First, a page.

The retail market size in India was expected to amount to 1.7 trillion U.S. dollars by 2026, up from 883 billion dollars in 2020. While an overall increase was noted up to 2019, 2020 marked a decrease due to the coronavirus pandemic. Nevertheless, the market is estimated to recover in 2021.
Despite the pandemic, India was among the few countries, showing growth in retail sales in 2020. Characterized by its unorganized retail primarily via Kirana stores, the country underwent a process of change in retail forms, which is yet to pace down. The emergence of larger retail spaces such as malls and supermarkets, along with the growth of online commerce drove change in the subcontinent’s retail landscape. Nevertheless, Kirana stores continued to dominate Indian retail, adopting digitalization and collaboration with larger players in this sector as well.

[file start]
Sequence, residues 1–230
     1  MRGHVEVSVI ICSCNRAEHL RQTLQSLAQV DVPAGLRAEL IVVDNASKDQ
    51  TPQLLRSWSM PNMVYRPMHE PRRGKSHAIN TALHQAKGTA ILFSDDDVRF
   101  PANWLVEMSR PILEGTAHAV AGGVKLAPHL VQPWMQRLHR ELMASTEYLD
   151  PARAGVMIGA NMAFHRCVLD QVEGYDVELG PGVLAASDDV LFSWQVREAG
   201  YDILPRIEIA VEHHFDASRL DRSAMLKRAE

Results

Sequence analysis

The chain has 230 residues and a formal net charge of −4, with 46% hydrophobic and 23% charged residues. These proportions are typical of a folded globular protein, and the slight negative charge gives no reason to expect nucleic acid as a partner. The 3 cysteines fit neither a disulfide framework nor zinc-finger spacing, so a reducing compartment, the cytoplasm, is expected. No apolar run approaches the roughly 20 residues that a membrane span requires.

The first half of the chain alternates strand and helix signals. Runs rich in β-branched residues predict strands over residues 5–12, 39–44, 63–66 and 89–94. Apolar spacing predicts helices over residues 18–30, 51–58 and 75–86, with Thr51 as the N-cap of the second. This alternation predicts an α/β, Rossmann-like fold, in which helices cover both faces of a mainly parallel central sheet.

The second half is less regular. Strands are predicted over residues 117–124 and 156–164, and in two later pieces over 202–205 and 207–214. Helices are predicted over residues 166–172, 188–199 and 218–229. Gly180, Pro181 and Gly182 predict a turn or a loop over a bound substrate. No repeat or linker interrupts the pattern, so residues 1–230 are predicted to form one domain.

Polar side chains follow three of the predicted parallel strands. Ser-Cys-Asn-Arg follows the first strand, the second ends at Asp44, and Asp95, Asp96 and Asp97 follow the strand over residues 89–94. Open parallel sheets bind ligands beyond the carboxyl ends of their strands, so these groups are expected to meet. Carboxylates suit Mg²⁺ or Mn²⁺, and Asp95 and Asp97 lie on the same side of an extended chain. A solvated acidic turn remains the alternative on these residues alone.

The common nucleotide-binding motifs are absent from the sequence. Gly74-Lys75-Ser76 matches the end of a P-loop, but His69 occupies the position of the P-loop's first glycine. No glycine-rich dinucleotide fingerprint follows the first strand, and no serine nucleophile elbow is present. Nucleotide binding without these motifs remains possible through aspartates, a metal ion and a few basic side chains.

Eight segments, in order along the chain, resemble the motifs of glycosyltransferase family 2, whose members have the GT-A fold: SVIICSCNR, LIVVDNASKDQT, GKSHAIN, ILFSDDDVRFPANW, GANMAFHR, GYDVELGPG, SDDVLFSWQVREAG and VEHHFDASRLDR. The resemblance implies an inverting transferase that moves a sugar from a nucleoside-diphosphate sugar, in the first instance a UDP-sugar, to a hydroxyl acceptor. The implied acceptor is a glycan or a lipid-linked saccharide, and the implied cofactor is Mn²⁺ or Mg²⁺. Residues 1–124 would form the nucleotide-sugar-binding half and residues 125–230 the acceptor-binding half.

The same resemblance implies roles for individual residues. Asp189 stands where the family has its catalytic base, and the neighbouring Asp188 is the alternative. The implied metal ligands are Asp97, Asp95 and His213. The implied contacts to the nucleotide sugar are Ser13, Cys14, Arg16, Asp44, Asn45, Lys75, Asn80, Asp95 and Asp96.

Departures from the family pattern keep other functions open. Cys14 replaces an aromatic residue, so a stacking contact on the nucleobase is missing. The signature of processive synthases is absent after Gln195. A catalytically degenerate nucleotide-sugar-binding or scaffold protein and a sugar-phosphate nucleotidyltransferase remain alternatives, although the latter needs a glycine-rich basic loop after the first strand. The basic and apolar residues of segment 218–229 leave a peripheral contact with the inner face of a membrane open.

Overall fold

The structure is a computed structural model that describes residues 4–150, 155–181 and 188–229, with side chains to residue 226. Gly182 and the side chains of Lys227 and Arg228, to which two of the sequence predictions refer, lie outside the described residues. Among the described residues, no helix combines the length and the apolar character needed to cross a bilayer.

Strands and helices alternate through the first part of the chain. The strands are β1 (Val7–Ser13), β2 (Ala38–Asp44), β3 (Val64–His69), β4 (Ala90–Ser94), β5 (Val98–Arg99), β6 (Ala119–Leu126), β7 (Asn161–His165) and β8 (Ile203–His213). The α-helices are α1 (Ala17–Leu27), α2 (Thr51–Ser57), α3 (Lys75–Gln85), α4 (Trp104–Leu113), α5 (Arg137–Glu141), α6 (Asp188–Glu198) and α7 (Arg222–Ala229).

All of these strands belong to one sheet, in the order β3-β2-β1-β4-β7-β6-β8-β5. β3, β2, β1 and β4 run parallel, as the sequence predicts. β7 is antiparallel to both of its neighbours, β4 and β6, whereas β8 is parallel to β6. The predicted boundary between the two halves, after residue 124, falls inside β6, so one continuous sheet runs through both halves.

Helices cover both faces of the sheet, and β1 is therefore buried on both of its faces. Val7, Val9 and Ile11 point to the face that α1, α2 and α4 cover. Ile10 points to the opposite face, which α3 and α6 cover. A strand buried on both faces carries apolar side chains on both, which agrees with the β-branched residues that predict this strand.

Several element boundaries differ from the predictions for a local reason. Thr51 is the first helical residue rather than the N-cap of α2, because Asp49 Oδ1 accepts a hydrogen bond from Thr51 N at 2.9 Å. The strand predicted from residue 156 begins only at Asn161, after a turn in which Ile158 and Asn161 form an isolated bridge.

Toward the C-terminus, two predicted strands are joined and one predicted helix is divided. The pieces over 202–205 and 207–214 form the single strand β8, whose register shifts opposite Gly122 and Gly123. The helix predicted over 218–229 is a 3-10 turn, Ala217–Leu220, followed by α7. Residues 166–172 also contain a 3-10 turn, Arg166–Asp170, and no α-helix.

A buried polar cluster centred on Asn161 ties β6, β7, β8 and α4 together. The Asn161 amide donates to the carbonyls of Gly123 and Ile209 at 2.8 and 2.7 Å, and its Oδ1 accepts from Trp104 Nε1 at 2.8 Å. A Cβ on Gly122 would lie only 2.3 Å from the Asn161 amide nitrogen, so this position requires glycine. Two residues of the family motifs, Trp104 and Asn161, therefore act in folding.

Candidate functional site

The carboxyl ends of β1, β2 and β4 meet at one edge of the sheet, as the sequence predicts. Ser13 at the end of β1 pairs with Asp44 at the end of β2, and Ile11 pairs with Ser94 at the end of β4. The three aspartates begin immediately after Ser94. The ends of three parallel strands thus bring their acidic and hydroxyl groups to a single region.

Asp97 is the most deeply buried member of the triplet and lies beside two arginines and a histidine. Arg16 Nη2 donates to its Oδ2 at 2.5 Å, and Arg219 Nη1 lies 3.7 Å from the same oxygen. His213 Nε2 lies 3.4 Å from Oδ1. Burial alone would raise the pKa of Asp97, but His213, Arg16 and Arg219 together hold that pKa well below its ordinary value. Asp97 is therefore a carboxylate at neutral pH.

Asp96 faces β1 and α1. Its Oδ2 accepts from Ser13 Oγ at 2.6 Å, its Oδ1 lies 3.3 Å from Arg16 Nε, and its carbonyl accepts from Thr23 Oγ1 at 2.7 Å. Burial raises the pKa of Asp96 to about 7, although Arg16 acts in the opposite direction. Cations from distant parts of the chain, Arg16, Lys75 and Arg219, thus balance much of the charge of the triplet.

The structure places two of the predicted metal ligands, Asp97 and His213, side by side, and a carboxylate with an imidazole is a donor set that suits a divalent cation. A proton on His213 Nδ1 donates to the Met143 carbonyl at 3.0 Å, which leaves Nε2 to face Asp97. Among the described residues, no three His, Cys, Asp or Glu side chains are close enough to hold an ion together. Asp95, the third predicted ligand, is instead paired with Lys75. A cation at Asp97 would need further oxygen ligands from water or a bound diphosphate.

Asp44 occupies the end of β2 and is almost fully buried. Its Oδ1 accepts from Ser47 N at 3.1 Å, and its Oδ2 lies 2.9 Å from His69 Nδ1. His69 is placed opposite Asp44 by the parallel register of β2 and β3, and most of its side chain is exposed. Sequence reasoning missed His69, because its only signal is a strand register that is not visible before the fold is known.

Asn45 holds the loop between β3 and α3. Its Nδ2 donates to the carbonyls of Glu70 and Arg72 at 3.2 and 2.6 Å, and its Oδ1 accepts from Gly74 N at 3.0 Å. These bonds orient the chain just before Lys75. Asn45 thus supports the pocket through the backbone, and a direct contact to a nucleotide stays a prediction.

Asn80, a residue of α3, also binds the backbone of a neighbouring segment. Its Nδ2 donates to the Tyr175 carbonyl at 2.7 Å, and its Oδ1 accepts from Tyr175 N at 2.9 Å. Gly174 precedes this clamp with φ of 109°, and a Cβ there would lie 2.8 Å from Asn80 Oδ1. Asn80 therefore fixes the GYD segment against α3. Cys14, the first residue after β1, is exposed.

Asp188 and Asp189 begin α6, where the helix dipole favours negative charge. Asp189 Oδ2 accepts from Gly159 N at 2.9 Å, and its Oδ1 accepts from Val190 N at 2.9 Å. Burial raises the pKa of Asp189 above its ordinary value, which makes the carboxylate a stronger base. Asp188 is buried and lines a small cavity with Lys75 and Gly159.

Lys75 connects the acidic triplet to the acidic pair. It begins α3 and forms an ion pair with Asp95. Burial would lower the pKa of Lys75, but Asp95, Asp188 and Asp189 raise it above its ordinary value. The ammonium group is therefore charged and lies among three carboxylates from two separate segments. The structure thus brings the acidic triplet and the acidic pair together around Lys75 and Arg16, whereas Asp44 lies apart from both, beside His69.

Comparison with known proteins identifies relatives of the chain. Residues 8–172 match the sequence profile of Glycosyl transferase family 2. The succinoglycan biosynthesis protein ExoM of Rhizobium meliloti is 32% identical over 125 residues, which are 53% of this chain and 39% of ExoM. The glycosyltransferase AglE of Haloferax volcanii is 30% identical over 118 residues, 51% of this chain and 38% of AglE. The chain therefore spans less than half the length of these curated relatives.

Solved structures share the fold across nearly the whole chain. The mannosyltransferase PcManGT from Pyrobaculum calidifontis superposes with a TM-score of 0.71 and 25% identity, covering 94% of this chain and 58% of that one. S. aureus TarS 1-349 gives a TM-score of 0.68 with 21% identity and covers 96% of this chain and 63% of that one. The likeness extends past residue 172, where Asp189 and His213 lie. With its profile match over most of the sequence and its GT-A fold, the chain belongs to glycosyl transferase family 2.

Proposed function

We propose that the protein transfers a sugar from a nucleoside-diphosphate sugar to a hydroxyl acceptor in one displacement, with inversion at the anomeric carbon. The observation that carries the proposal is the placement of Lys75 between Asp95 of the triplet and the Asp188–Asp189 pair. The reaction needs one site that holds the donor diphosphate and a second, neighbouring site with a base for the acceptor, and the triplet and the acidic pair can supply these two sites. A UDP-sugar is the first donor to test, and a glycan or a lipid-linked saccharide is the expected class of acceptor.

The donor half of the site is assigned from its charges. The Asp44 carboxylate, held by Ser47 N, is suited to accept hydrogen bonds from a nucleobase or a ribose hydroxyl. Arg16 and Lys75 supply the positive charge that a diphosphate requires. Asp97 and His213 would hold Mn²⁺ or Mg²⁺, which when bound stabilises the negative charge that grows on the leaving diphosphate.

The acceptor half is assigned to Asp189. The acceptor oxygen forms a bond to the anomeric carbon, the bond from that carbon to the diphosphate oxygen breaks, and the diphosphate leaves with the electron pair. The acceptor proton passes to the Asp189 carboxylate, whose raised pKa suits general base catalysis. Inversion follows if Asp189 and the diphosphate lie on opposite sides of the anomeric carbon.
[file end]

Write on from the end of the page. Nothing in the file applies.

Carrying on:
In India, retail sales of groceries accounted for up to 65% of all retail sales. Only a small portion of that, meanwhile, was sold through online or contemporary merchants. The 2020 coronavirus (COVID-19) pandemic provided internet grocery stores a boost. Online grocers like Big Basket were able to successfully fill the vacuum left by products that occasionally weren’t available at conventional stores. Every minute, more people in the nation are purchasing online. Many e-commerce players will experience the biggest change in the retail industry as a result of improvements in internet quality, smartphone use, payment accessibility, secure payment portals, and changing consumer behaviour. It won’t be wrong to say that all the top foreign brands established their market in India through online portals.